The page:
Dictionary of Science Fiction Places, The by Stableford, Brian, ed., 1999

Dictionary of Science Fiction Places, The by Stableford, Brian, ed. - Book cover from Amazon.co.uk

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I hope I don't have to tell you what this one is, because the title pretty much says it all. Stableford has gone through a huge number of works and has pulled out and described all of the major settings. There are probably several hundred entire in this book. If that does not sound very complete to you, then you are probably better read in SF than I am. I have gone through this entire book six or seven times since I bought it, and that only place that I have not found an entry for is Todos Santos from Larry Niven and Jerry Pournelle's Oath of Fealty. Other than that, I have not been let down yet. Stableford's style is direct and to the point, and complete at least up until this book's date of publishing which was 1999. Stableford also included sequels and later entries into established series into this work, and for the most part misses nothing. Take his entry on Avalon from The Legacy of Heorot

The colony's early success was abruptly ended by strange metamorphoses of the planet's native life-forms. The river-dwelling samlon were transformed from edible fish into ravening monsters with legs and teeth: grendles. The survivors of the early grendle attacks had to move up the Miskatonic to take refuge on Mucking Great Mountain. The Earth Born eventually managed to kill all the grendles on Camelot Island, thus making it a safe haven for humans and their imported crops. The Star Born who came after them were, however, determined that the colony should not be content with such close confinement; they believed that humans must achieve some kind of permanent accommodation with the native inhabitants of Grendle Country, however difficult the task might be.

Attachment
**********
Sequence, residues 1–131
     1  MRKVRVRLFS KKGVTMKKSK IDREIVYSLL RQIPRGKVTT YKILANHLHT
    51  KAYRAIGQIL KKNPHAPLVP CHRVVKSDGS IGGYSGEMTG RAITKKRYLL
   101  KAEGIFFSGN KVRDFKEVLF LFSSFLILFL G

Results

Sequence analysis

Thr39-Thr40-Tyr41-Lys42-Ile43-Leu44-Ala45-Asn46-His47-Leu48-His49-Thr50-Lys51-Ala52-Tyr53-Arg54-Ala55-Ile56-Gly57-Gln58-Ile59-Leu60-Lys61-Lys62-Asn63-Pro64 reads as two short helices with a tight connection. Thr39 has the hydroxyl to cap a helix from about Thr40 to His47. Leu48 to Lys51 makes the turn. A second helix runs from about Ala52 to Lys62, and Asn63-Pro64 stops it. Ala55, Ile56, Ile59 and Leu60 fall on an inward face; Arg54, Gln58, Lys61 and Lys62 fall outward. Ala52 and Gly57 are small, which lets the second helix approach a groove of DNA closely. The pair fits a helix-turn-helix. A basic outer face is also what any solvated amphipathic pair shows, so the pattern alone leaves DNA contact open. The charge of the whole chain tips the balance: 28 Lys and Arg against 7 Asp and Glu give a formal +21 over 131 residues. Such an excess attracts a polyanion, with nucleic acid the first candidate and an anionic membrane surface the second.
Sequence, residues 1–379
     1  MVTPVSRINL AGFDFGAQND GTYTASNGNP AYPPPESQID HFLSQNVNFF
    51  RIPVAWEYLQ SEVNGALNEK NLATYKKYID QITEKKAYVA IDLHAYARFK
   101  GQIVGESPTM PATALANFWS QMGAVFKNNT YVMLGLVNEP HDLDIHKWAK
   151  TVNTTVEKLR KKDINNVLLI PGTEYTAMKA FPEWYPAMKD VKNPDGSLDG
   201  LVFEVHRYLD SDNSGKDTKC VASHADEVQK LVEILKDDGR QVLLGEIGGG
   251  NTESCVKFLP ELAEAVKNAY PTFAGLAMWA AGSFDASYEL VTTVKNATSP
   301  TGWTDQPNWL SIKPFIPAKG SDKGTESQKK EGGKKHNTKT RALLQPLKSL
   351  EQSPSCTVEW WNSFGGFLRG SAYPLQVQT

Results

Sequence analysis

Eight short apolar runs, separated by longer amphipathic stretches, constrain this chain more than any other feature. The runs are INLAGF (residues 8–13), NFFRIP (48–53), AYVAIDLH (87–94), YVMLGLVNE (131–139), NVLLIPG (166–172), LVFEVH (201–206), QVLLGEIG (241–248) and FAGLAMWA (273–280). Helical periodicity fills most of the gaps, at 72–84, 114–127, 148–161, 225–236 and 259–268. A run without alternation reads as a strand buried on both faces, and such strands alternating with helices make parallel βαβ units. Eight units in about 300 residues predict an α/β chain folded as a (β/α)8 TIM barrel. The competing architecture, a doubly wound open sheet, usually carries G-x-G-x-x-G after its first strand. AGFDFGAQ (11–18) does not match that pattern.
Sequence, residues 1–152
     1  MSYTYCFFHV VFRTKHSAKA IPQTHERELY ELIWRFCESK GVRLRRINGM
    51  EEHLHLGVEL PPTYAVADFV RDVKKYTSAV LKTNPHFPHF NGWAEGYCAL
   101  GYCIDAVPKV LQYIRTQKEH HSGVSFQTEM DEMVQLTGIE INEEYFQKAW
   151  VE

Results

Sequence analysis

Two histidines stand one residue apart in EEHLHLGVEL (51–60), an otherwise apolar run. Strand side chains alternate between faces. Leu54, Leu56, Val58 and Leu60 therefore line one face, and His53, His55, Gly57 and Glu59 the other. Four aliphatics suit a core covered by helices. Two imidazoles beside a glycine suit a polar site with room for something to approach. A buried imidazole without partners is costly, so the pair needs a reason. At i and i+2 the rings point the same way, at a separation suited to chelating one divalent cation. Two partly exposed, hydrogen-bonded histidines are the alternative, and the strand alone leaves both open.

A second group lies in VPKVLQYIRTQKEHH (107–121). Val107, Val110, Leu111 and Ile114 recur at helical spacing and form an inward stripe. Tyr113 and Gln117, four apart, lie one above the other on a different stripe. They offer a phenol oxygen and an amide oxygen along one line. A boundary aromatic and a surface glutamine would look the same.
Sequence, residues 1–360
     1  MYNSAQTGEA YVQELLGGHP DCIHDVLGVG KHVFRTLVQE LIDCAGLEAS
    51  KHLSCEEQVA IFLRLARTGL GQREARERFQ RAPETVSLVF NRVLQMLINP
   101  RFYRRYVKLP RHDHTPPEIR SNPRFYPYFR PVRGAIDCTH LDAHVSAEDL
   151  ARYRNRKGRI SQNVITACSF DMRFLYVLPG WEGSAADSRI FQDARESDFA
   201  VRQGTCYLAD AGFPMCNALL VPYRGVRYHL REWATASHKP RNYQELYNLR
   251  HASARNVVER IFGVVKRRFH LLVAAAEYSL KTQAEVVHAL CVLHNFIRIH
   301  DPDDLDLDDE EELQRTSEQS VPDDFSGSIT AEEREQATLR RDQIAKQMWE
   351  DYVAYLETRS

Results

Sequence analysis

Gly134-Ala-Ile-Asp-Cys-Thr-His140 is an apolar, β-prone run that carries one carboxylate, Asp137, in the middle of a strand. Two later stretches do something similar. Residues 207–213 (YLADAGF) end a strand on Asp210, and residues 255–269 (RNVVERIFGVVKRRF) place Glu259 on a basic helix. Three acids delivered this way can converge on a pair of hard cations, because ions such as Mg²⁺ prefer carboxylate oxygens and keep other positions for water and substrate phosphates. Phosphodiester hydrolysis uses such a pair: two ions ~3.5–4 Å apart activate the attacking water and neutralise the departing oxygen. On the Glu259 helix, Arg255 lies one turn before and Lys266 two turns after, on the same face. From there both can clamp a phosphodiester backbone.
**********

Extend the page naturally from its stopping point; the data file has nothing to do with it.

Although Stableford fails to mention speed as another offensive weapon of the grendles, he did not miss much in the summary of the history of the island from either The Legacy of Heorot or its sequel Beowulf's Children. Though as I mentioned not all of his articles are accurate. For example in the article on Mike Resnick's Kirinyaga he calls the titular colony:

KIRINYAGA: A space habitat on named after the mountain on which, according to legend, Ngai created the three sons who became the fathers of the Masai, the Kamba and the Kikuyu.

Even a cursory reading of Resnick's book reveals that the Kirinyaga that the title refers to is a planetoid that is orbited by habitat from which the UN overseers watch the Kikuyu in their Utopia.

Despite a few problems Stableford really produced a useful work. I use it frequently when I am having trouble visualizing some setting from a book. He removes all the superfluous text and sticks with what is relevant to his topic: places and settings. This is a handy reference book that is unfortunately out of print now, though it can be bought for pennies on the used book market at Amazon.

Copyright 2008, Gregory Tidwell

Reviewed by GTT · Rating Rating of 3 star(s)


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